Thanks to the minimal syntax and small amount of syntactical rules it is easier to create something very expressive, meaningful for the users which will be using the final form called a DSL (domain specific language). Also, as you will see in the next section, it is very easy to transform it even further thanks to the very important feature of the language.

Even if the Lisp-like languages are dynamically typed, in almost all cases we are creating some form of type hierarchy or type system. It can be a benefit (in case of DSL we have less rules to obey and bend in order to introduce something useful and meaningful for the end-user) and also a drawback (some kinds of errors can be easily detected and handled by the basic type system level, which is built in the language). Keep in mind that it is a trade-off, there is no tool which is sufficient to cover all kind of use cases.

Introduction to homoiconicity

;; Required selectors for extracting
;; data from assumed data structures.

(defn car [x] (first x))
(defn cdr [x] (rest x))
(defn cadr [x] (car (cdr x)))
(defn caddr [x] (car (cdr (cdr x))))

;; In our application pair is a:
;;   '(+ 1 2)

(defn pair? [x] (= (count x) 3))

;; Basic predicates.

(defn variable? [x]
  (symbol? x))

(defn same-variable? [v1 v2]
  (and (variable? v1) (variable? v2) (= v1 v2)))

(defn =number? [exp num]
  (and (number? exp) (= exp num)))

;; Custom constructors for sum and product.

(defn make-sum [a1 a2]
  (cond (=number? a1 0) a2
        (=number? a2 0) a1
        (and (number? a1) (number? a2)) (+ a1 a2)
        :else (list '+ a1 a2)))

(defn make-product [m1 m2]
  (cond (or (=number? m1 0) (=number? m2 0)) 0
        (=number? m1 1) m2
        (=number? m2 1) m1
        (and (number? m1) (number? m2)) (* m1 m2)
        :else (list '* m1 m2)))

;; Predicate which detects sum.

(defn sum? [x]
  (and (pair? x) (= (car x) '+)))

;; Selectors for addition.

(defn addend [s]
  (cadr s))

(defn augend [s]
  (caddr s))

;; Custom predicate which detects product.

(defn product? [x]
  (and (pair? x) (= (car x) '*)))

;; Selectors for multiplication.

(defn multiplier [p]
  (cadr p))

(defn multiplicand [p]
  (caddr p))

;; Actual algorithm for symbolic derivation.
;; Please note how declarative this approach is,
;; how recursion actually helps to handle subsequent
;; cases and where the simplification mechanism is.

(defn deriv [exp var]
  (cond (number? exp)
        (variable? exp)
         (if (same-variable? exp var) 1 0)
        (sum? exp)
         (make-sum (deriv (addend exp) var)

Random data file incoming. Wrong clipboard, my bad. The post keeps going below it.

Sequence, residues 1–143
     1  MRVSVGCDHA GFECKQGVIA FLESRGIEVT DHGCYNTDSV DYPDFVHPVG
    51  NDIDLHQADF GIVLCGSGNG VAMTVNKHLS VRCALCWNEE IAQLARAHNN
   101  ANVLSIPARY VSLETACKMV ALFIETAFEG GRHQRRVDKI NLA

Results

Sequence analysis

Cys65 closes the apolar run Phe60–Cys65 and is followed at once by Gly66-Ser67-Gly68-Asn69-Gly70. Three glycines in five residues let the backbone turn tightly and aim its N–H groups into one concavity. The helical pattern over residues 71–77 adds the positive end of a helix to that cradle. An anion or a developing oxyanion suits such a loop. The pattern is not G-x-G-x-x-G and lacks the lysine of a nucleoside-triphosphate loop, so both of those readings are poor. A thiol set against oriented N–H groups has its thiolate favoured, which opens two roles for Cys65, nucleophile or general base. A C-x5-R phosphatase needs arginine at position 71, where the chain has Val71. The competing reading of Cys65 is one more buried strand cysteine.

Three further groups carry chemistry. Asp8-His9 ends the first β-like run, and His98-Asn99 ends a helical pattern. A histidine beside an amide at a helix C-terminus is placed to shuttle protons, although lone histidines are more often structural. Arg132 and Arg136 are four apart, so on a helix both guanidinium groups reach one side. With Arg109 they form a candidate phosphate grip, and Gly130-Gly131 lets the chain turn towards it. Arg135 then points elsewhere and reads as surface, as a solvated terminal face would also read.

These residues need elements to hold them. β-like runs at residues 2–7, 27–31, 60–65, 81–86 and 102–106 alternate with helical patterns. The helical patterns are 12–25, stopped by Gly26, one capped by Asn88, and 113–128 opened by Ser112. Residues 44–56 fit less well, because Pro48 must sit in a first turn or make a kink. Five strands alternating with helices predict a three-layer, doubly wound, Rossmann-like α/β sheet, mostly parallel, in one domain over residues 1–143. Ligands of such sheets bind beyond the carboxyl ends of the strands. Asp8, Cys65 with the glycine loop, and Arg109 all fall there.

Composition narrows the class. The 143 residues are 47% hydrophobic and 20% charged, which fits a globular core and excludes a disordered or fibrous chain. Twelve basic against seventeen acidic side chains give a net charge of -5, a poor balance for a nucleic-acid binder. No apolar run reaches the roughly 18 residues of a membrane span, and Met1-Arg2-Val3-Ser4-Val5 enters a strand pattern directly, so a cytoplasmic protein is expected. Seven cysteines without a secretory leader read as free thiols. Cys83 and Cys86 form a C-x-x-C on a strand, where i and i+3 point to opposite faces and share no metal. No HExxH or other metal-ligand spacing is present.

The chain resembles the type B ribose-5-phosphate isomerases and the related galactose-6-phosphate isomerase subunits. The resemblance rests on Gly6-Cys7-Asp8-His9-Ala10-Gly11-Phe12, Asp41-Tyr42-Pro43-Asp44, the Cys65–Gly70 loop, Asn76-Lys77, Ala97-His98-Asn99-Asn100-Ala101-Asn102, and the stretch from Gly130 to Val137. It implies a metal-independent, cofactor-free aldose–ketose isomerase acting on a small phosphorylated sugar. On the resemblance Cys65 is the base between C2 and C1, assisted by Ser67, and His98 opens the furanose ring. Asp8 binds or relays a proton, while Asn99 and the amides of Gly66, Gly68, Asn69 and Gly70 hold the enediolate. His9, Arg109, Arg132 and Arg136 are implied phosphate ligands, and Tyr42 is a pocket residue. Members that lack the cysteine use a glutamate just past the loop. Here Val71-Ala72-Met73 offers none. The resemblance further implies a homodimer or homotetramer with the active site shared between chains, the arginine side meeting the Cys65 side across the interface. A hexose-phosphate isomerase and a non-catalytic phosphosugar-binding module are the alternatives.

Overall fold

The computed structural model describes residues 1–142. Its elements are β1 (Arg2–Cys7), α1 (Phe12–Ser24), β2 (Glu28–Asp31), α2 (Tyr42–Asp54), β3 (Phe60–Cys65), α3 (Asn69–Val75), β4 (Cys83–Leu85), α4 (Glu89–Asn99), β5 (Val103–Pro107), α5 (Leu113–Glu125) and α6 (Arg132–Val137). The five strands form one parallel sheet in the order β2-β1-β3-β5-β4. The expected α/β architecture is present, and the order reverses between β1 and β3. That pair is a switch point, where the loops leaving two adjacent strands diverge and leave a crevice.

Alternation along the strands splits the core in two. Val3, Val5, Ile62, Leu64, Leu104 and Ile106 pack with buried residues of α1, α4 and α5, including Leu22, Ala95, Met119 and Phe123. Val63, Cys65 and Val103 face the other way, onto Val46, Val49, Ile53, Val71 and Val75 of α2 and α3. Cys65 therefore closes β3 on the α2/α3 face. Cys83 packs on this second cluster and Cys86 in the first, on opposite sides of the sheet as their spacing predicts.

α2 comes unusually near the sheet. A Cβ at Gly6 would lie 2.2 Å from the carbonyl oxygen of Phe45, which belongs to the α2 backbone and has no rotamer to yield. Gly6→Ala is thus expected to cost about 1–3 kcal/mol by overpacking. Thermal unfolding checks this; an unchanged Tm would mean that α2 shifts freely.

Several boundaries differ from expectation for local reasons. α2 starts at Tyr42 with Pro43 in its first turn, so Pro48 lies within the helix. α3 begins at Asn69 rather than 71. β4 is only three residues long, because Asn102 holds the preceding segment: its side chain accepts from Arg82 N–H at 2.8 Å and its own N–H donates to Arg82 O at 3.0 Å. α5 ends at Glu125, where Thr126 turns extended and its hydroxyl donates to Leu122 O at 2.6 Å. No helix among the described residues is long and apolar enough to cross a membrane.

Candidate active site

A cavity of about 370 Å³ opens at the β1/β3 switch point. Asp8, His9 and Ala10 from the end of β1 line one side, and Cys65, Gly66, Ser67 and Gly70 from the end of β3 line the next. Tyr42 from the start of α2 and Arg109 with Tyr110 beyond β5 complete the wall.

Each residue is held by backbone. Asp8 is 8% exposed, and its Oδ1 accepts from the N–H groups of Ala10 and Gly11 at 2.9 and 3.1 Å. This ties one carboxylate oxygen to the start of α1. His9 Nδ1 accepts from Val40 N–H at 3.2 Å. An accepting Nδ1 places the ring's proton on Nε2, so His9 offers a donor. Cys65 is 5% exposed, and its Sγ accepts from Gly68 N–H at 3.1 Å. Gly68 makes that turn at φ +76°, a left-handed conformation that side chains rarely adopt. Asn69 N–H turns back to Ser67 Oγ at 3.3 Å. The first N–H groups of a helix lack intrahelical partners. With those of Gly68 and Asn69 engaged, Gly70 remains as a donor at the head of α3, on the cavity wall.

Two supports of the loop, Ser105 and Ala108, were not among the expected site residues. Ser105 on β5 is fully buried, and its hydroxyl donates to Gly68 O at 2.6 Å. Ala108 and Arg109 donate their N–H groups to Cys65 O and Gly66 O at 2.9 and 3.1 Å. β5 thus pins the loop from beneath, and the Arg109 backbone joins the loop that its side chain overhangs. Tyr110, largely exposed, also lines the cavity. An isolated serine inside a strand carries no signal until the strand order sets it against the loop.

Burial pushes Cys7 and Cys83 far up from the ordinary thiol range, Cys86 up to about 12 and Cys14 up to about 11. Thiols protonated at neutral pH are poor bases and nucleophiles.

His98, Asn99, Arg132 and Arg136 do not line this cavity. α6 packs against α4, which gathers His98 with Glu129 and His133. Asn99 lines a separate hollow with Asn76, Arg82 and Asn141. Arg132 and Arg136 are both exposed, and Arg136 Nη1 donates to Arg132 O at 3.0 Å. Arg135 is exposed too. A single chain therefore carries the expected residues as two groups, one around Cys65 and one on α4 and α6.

(deriv (augend exp) var))
        (product? exp)
          (make-product (multiplier exp)
                        (deriv (multiplicand exp) var))
          (make-product (deriv (multiplier exp) var)
                        (multiplicand exp)))
        :else (assert false "Unknown expression type.")))

Basically almost anyone who is interested in the Lisp-like languages heard the term homoiconicity. If you don’t know, this fancy word hides a really simple concept - a property in which the program structure is similar to its syntax, and therefore the program’s internal representation can be inferred by reading the text’s layout. If the programming language is homoiconic, it means that the language text has the same structure as its abstract syntax tree. This allows all code in the language to be accessed and transformed as data, using the same representation.

The origin and one of the main reasons that Lisp was created is one related with symbolical processing. In the provided example we can easily operate on symbols (which represent an equation), which are introduced in the very same manner as the actual code - as a list of tokens, almost ready to invoke. Also we can easily transform an infix notation to prefix notation with a very simple helper function. The whole concept is just a small step before transforming an AST to a different form with e.g. macros.

Also, please note the way how we introduced the simplification (like 0 * x = 0 and 1 * y = y) - it is easy to hide it from the user, that the final effect will be observed.


In any kind of Lisp like languages many people complains about syntax - too many parentheses, not enough constructs, weird look are the most popular. Almost no people from that group are seeing that it can be a benefit - in terms of elasticity and expressiveness. Similar complaints are addressing other parts of the language (probably not in the Clojure case) like too limited options regarding X or I need to write everything myself.

I think that all of those questions are a trade-off between particular features which other systems / languages are giving us and drawbacks which are introducing with aforementioned functionality. In case of this book, maybe it is not particularly pragmatic to build a pair or set implementation from scratch, but it easier to explain functional design concepts with smaller examples.